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View From The Stalls: The WOS Awards Concert!

Sally Darling 

There's one thing you can guarantee at the Whatsonstage Awards - you'll have a really good laugh. As someone who saw the beautiful Love Story yesterday it was just what I needed from a trip to the theatre, though next year I'll volunteer to encourage everyone to their seats slightly earlier - there was no urgency to get everyone seated so most of Jill Halfpenny's show opening performance involved half the audience clambering over each other to sit down. 

Whatsonstage have got these awards down to a fine art - they are so slick and most winners seem briefed to be, er, brief (Craig Revel Horwood sprinted on to that stage before the words "actor-musician musical" were out of Biggins' mouth) and the speeches were concise and funny with a few quite moving moments.

Also, these awards differ from others in that they don't introduce someone on stage to present each award - instead we had three fantastic turns in Biggins, Miranda Hart and Sheridan Smith and you never quite know what will come out of any of their mouths next! Miranda was hugely popular and made some very funny observations and impersonations about performers' bows and reaching for the moon and backing away at the end of a dance.

Anyone who isn't familiar with Ramin Karimloo certainly will be if they were in the audience tonight - he must have been on and off that stage four or five times, winning Best Actor for Love Never Dies and also joining the Les Mis 25th anniversary winning cast as well as performing in Act 2. Sheridan melted every time Ramin went near her and told us he should never wear a mask...or even anything else.

One of the nice things about these awards is you get to look back on a few performances from last year and also look ahead to new shows. Instead of seeing Michael Xavier perform something from Love Story we were treated to him being reunited with Simon Thomas as the princes in Into the Woods. The Umbrellas of Cherbourg looks very intriguing and their excerpt certainly made me want to go and see it. One of the biggest cheers of the night went to Caissie Levy who performed a moving song from Ghost The Musical. Along with a real mix of Sondheim, Rock of Ages, La Boheme and American Idiot, you could say there was something for everyone.

The audience really did seem very happy with their winners and gave huge support to everyone on stage. Rachel Tucker received two awards in a row - one for Wicked as best West End show and then her own for best takeover and told us about how important Wicked had been in her life for eight years; after they'd seen it on Broadway she swore to her mum and sister that she would get the role of Elphaba one day.

Zoe Wanamaker and David Suchet gave lovely speeches and David tried out Miranda's way of saying whatsonstage - WHATSONSTAGE? Joseph Millson, winning best supporting actor in a musical for Raoul in Love Never Dies, praised the hardworking ensemble seeing as they have been "in rehearsal for ten months". AnTony Jay and Jonathan Lynn sent a letter to be read out for winning Best New Comedy for Yes, Prime Minister and ended it by thanking the audience for not going along with whatsonstage critic Michael Coveney's review.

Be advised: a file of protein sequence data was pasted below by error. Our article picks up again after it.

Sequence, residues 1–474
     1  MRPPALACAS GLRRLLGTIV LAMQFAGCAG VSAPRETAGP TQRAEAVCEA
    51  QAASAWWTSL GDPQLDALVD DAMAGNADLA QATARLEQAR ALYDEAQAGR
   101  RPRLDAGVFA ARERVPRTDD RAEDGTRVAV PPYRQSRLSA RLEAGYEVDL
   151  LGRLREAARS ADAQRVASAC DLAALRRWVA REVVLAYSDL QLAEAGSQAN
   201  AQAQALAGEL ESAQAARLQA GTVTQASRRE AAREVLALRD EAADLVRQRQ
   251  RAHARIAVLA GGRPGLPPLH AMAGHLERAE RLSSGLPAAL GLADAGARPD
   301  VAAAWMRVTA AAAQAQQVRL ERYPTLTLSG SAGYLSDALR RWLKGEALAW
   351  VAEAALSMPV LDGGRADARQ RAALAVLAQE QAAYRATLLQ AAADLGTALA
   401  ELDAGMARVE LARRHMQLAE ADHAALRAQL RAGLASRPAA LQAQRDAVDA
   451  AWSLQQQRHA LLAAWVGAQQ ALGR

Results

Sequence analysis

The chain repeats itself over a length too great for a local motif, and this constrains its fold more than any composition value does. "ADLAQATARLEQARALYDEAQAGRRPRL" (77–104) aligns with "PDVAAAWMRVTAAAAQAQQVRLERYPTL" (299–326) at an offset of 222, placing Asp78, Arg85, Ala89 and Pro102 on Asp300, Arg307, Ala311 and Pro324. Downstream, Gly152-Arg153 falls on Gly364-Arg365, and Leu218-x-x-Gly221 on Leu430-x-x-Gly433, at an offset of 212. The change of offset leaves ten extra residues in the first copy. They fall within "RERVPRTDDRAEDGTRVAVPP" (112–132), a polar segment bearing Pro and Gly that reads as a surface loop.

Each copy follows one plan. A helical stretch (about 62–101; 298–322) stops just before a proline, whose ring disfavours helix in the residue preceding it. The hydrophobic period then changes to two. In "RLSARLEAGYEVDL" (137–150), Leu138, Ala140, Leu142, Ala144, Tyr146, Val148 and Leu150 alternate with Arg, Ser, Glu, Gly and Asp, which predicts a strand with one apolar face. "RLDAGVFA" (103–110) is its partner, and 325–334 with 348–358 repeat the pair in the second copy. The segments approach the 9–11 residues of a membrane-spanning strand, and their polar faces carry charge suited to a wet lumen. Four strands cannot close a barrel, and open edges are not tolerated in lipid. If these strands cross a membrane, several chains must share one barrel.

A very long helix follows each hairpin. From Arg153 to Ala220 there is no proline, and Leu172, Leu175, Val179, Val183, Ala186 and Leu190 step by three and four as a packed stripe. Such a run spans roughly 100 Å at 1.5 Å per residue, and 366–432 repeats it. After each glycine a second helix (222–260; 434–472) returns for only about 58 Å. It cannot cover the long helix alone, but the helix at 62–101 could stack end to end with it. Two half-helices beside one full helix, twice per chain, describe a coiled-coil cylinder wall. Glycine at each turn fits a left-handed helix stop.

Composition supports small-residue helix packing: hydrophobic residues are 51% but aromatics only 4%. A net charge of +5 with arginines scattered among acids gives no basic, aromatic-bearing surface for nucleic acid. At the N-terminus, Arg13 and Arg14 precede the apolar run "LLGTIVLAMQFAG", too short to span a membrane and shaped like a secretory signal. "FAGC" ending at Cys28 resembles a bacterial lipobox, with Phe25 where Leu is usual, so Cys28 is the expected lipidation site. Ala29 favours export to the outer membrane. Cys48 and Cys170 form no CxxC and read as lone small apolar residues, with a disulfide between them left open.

The only speech that wasn't concise raised one of biggest laughs - Tamsin Greig, who firstly told how she learnt to walk in high heels from Sheridan Smith (who spent the evening tottering on and off stage in ridiculous but gorgeous heels) and then asking Miranda why she hadn't been in her sitcom and then just enjoyed her moment up there for a while.

We were told we COULD use our phones during the show if we wanted to tweet but it's not great having phones flashing away in front of you and there were enough tweets coming through from WOS themselves that it would make better viewing to leave tweeting from the audience to the interval or pre- and post-show.

Finally, we thought we were about to get a preview of The Wizard of Oz after the interval but no, it was Biggins, in this year's frock giving us his Dorothy...

For a full list of winners, read it here - Groff, Smith and Karimloo win!

Review: THE DEAD CITY (DIE TOTE STADT), London Coliseum Photo
Annilese Miskimmon directs an arresting new production of Korngold's cult operatic meditation on melancholy

Review: MARJORIE PRIME, Menier Chocolate Factory Photo
Jordan Harrison’s 2015 Pulitzer Prize finalist is a reflection on mortality that doesn’t dare to go into the depths of the matter. It ends up being rather stagnant philosophically and anthropologically, but Dominic Dromgoole’s latest production is a delicate take. Running at 85 minutes on paper but around 70 in reality, the piece’s greatly sophisticated performances and sleek look save it from its redundant nature.

Review: WASTED, Lyric Hammersmith Photo
Running at around 50 minutes, it’s snappy and positively Gen-Z in pace and subject. Fernandes crafts a script that wanders from deliciously colloquial to slightly expository, but remains solid throughout. Mundane conversations about parties and cleaning rotas act as the foundation for the pair’s bond, which is bound to be tested and tried once Jacob’s actions are revealed. At its core, it’s a story of friendship and loyalty camouflaged as a crime drama exploring the stigmatisation of sexual violence.

Photos: First Look At English National Operas THE DEAD CITY (DIE TOTE STADT) Photo
See production images for the English National Opera's The Dead City (Die tote Stadt), running 25 March - 8 April 2023.

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